Summer Tips According To Chinese Medicine
Written by: Laura Clark L.Ac. Pharm. D., Generations Acupuncture Inc.
Summer Is In Full Swing!!!
Summer is a season of joy, health, lightness, outward activity, creativity, and vitality. It’s a time when we are able to blossom and expand like the world around us. Ever notice how quickly children seem to grow in the Summer? It’s the energy of luxurious growth surrounding us right now! The energetic organs related to the fire element include the Heart, Small Intestine, Pericardium, and the Triple Heater (San Jiao) systems of the body. This article will summarize how to properly eat with the season we can reap the benefits that Summer has to offer.
Summer Heat according to Chinese Medicine
Summer heat is characterized as a Yang pathogenic factor in Chinese Medicine. Major symptoms of summer heat are excess body heat, profuse sweating, parched mouth and throat, constipation, and heart palpitations. If someone affected by Summer Heat is not treated, symptoms progress and we will see high fever, burning heat sensation of the skin, irritability, concentrated urine, and a forceful and/or rapid pulse. If Summer Heat invades the head, we would expect to see dizziness and vertigo. When summer-heat combines with dampness, it produces abdominal pains, vomiting, and intestinal spasms.
The hallmark symptom is a core body temperature above 104 F, but fainting may be the first sign. Heat Stroke is a medical emergency and you should call 911 immediately if you suspect someone is experiencing Heat Stroke. Other symptoms include: throbbing headache, dizziness and light-headedness, lack of sweating despite the heat, red, hot, and dry skin, muscle weakness or cramps, nausea or vomiting, rapid heartbeat, which may be either strong or weak, rapid, shallow breathing, behavioral changes such as confusion, disorientation, or staggering, seizures, or unconsciousness.
Tips for Eating Healthy this Summer and Beating the Heat
HYDRATE–It’s a fire and water thing (Yang vs. Yin). When there is more heat or fire in the environment it will dry up Yin (fluids and water) in the body, which can lead to a myriad of health issues. So remember to keep up your water intake–and, yes, water is truly the best option. Drink it at room temperature or slightly cool. Skip the ice! Water that is too cold will contract the tissues of the throat and the stomach and require the body to generate more heat to warm it to a digestible temperature. Cold water can weaken your digestion, so skip the ice this Summer. Add in a slice of lemon, a cucumber, or a bit of mint for electrolytes and additional cooling. Your weight in pounds divided by 2 should give you an approximation as to how many ounces of water you need to drink daily to keep hydrated.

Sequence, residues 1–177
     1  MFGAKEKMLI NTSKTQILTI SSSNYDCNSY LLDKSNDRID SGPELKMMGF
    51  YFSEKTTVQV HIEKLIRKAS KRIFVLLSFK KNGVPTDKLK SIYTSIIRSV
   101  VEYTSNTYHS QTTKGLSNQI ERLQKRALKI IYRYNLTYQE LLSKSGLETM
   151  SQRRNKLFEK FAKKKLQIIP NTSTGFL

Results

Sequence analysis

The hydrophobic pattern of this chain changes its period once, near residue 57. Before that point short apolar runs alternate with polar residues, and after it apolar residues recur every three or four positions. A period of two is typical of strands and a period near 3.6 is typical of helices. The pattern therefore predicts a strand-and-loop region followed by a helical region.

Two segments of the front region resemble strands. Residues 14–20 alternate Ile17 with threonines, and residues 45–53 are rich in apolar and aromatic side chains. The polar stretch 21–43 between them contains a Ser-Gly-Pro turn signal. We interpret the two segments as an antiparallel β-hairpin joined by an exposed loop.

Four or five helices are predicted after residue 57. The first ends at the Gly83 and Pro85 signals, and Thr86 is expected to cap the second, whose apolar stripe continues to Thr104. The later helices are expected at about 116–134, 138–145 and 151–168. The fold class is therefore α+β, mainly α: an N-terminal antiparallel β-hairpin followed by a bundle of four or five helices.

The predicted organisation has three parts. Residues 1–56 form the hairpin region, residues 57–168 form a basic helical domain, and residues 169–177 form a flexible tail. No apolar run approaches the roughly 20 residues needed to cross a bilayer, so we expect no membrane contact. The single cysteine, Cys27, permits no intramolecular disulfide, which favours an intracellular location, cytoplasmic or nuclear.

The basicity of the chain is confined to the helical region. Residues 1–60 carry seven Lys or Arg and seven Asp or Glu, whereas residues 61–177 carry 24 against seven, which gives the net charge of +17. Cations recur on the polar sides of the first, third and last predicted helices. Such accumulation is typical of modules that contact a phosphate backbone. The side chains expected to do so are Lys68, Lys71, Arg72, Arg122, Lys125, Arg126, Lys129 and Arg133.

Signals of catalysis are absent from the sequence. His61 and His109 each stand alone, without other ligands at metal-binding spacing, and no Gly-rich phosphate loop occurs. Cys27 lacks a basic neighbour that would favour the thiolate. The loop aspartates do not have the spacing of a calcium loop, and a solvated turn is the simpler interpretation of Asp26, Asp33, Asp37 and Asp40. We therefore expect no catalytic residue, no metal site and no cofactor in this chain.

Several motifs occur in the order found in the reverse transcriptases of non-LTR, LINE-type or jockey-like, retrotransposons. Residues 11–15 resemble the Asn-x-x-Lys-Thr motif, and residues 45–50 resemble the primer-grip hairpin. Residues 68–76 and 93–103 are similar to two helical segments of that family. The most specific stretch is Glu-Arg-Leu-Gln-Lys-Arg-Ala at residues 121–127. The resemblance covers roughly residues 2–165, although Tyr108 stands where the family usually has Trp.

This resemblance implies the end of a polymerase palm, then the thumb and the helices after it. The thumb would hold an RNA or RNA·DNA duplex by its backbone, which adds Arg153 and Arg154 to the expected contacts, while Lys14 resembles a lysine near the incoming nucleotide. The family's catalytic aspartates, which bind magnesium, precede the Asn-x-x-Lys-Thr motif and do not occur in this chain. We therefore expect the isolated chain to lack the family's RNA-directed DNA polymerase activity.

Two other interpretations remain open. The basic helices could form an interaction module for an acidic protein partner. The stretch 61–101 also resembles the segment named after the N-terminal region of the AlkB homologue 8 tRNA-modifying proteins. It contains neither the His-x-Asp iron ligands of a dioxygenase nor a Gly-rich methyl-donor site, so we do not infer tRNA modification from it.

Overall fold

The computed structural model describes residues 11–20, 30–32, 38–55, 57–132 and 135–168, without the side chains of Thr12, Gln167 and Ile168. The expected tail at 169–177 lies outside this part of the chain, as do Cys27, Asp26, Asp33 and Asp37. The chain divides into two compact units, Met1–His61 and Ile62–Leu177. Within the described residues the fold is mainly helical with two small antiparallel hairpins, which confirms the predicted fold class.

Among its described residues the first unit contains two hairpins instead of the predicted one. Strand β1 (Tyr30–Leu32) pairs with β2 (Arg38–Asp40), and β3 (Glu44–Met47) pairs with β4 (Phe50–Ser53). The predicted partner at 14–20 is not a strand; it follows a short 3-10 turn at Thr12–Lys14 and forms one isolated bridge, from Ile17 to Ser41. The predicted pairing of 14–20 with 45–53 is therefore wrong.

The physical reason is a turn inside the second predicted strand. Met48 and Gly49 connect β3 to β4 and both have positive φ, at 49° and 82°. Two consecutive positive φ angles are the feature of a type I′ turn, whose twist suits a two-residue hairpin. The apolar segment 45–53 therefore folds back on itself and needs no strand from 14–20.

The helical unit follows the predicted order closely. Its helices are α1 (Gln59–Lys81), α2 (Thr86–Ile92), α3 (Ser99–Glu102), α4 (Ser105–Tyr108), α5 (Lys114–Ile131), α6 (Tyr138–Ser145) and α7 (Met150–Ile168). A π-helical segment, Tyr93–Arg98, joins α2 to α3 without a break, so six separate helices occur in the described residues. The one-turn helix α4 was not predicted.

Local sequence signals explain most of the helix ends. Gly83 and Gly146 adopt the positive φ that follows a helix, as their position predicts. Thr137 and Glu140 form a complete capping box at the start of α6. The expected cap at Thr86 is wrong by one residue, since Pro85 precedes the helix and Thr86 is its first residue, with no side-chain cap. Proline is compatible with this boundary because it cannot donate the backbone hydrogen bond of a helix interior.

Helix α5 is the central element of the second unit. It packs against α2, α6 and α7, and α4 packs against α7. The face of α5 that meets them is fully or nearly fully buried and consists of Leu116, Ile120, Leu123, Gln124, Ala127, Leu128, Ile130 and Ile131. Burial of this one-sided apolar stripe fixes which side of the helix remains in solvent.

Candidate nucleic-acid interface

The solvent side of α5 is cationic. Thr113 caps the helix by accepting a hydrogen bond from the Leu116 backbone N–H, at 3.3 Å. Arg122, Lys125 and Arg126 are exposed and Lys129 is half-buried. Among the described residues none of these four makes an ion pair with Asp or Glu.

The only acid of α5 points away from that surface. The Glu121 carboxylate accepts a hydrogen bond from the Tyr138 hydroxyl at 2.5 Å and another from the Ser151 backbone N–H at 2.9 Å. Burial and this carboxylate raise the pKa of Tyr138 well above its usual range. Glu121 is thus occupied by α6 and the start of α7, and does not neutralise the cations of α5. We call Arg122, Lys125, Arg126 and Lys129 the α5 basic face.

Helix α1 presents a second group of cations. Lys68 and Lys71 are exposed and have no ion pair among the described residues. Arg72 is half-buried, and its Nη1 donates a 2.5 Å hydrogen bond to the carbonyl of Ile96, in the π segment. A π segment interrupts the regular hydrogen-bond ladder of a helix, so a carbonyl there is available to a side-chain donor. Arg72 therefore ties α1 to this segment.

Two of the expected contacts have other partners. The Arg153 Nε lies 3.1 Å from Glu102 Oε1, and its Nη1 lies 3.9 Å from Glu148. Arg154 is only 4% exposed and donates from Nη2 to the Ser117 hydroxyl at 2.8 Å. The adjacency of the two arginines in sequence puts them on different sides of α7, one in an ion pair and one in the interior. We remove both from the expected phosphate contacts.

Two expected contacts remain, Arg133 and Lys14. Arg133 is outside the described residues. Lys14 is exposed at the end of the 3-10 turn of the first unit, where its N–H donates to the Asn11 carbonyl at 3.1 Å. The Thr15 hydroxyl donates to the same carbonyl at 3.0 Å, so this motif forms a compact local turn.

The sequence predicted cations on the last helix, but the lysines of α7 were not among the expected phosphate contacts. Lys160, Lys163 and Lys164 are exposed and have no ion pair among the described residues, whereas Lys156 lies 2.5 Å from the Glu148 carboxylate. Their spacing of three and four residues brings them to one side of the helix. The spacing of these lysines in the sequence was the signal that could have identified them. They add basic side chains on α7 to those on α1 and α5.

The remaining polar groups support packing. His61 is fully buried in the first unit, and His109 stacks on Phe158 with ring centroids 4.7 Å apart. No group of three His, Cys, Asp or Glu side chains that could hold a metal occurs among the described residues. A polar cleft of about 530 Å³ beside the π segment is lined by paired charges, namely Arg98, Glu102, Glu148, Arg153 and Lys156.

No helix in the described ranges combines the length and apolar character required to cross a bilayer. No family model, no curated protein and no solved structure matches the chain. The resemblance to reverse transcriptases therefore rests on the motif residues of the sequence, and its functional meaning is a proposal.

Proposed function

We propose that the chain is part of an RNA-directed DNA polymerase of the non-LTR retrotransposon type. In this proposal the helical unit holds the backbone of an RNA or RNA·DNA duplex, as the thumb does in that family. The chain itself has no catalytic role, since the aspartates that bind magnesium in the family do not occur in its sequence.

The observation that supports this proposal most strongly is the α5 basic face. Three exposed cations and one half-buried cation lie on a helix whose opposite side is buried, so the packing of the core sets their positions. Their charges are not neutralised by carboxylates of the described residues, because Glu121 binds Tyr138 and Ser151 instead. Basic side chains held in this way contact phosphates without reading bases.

Example: weight: 150lbs. Divide by 2 = 75 ounces water per day.
Eat VARIETY–This is the season with the greatest abundance of foods, ready to eat right now. Enjoy the plethora of brightly colored fresh vegetables, greens and fruits that are available. Local farmers markets are a wonderful source!
Eat more RAW–Raw foods cool and clear heat, which can be a blessing in the Summer. If you have a relatively strong digestion and aren’t treating a health condition add some raw into your diet. However, don’t overdo it. Too much cold or raw foods will overly cool the digestive system causing spasms and contractions, and ultimately your body will have to work harder to try to warm your food up to digest it. According to Chinese medicine, your Stomach and Spleen (the major organs of digestion) are like a cauldron and too many overly cold foods will put out the digestive fire or vitality, causing digestive issues. Throughout the world, even in the hottest of climates cooked foods and soups are eaten in the hottest months to prevent digestive issues–they are just adapted with the seasonally available foods.
EAT LIGHTER–Heavy, greasy, fried foods, or too many nuts and seeds cause dampness to accumulate. Dampness is a pathogen in Chinese medicine that weighs the body down and slows digestion making you sluggish. Rich foods also generate heat and create stagnation in the digestive system. Summer is the ideal time to lighten up and allow your body to let go of the heaviness (extra weight) that we often hold during Winter months.
EAT OUTDOORS and with FRIENDS–The season of Fire corresponds with all the organs that are involved in relationships! Summer is an excellent time to spend time cooking outdoors over the grill, with friends and enjoying yourself. Treat yourself to some grilled veggies and portabella mushroom burgers! Yum!
Summer cooking– Each season has food preparation and cooking styles that specifically benefit the season and our bodies. In the Summer, prepare food simply and quickly heat it by grilling or stir frying. Summer soups should be lighter and brighter than the heavier stew of Winter. Try Gazpachos, Avocado soup, or Borscht. Enjoy more raw and fresh foods, if you don’t have a particular pattern (Chinese Medicine diagnosis) that recommends you stay away from raw foods.
What to Eat During Summer